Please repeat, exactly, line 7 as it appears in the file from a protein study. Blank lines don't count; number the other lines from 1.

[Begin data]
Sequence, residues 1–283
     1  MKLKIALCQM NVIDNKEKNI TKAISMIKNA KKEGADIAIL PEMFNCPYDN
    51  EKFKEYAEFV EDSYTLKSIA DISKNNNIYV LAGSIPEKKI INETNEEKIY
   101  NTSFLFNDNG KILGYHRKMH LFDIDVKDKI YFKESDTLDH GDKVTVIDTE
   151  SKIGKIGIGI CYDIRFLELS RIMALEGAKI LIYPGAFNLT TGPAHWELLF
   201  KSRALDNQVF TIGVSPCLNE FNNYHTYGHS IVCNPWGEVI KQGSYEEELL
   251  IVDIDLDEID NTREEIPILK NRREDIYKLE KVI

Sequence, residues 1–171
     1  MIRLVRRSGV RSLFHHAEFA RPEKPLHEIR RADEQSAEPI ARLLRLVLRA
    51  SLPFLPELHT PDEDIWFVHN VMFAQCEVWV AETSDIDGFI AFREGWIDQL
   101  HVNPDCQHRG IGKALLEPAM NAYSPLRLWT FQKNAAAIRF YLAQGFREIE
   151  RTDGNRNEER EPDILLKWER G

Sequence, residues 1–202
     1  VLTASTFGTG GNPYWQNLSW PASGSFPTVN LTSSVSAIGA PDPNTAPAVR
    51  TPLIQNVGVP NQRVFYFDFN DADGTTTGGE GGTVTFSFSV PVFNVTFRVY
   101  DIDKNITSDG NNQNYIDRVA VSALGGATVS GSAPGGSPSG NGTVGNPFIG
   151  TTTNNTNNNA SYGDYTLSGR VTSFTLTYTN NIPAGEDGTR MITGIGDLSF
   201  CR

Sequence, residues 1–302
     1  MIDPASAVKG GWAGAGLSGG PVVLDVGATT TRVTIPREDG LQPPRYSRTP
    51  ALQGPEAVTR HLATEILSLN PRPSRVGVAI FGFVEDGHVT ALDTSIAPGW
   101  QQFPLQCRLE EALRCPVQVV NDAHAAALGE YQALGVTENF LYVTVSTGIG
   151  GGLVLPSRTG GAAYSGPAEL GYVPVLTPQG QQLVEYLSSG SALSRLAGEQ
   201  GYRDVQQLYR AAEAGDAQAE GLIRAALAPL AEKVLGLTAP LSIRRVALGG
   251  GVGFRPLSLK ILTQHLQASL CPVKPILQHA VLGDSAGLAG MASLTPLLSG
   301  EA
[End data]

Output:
   251  IVDIDLDEID NTREEIPILK NRREDIYKLE KVI